Monday, April 02, 2007

Animal of the Week April 2, 2007 -- Troglobites

Hello,
For a change, this week's animals are unnamed. Not because I am being lazy, I am not in charge of that sort of thing, rather because I can't find the names of any of them, and they are five species! They are the five species of troglobite that have caused the Western Australia Environmental Protection Agency to halt the construction of a multibillion dollar mine at Pannawonica, in the north-western region of Pilbara.

You would be forgiven for thinking that troglobite is just another of my gross spelling errors that litter these mailouts like rare insect species over a planned development site, but no, I mean neither troglodyte nor trilobite, but troglobite: any animal adapted to live solely and exclusively within caves that can never leave. Troglobites typically have advanced senses of touch and smell but a massively reduced sense of sight, with most being totally blind. A common adaptation among troglobite spiders, such as those in those in question here, is the loss of eyes and the adaptation of the front pair of legs to become long feelers (as seen in the picture).

The troglobites halting the Robe River, a subsidiary of Rio Tinto, planned mine are spider like creatures, none bigger than half a centimetre in length, but unique to the site and not found in a neighbouring reserve protected from mine exploration. Troglobites feast on traces of organic material that drift into cave systems from the world above or algae and other microorganisms that survive within their cave systems, or in the case of spiders, other troglobites. Unable to survive exposure to direct light as they have no protection against UV rays, these troglobites would have no hope of colonising a new cave system. Every time a cave tropical system is investigated, a new set of these creatures is discovered, fish, salamanders, crickets, centipedes, insects, and shrimps have all several times moved into subterranean homes.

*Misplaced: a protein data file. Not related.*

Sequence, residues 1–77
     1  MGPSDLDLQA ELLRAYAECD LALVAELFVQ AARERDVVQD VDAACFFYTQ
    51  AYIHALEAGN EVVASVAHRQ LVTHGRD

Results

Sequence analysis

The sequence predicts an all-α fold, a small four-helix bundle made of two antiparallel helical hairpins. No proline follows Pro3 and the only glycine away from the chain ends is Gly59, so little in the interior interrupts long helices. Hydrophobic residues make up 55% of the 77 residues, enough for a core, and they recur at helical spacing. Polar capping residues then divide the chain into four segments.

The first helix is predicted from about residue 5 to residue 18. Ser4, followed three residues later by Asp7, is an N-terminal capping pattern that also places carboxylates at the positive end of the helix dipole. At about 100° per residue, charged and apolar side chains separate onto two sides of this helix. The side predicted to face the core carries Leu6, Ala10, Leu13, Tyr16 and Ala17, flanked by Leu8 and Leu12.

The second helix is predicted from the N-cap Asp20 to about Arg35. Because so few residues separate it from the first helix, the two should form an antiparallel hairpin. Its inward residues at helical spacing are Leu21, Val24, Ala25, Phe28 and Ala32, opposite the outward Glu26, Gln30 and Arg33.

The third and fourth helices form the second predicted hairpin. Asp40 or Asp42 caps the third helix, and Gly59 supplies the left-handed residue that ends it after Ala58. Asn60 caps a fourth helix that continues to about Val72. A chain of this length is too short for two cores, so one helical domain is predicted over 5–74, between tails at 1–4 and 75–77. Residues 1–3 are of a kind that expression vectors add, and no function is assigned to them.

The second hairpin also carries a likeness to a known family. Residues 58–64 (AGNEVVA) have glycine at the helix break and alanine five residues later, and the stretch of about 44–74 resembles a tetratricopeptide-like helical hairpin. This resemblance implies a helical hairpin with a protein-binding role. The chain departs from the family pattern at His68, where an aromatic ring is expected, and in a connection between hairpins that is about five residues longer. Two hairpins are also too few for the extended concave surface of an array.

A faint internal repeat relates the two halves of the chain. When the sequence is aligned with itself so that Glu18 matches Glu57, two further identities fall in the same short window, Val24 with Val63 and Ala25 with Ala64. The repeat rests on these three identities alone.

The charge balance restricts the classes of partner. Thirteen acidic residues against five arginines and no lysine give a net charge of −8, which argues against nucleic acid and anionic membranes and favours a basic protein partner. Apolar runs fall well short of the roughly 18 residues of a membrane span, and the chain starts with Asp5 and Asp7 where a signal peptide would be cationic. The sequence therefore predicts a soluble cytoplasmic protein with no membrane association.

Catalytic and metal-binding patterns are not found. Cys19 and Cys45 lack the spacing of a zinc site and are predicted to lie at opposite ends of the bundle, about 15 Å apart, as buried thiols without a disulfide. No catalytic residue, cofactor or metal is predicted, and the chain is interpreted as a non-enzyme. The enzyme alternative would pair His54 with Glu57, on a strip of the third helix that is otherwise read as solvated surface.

With iron ore set to run out in their existing mines in Australia in the next five years, Robe River will appeal hard for the mines to be built. So these spiders may not be long for this world, so I salute you little nameless, eyeless buddies. Enjoy what time you have left licking algae from the rocks and eating blind beetles in your tiny sunless world.

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1 Comments:

At 2:54 PM, Blogger Howard said...

If they have no name, can we call them all Kevin?

 

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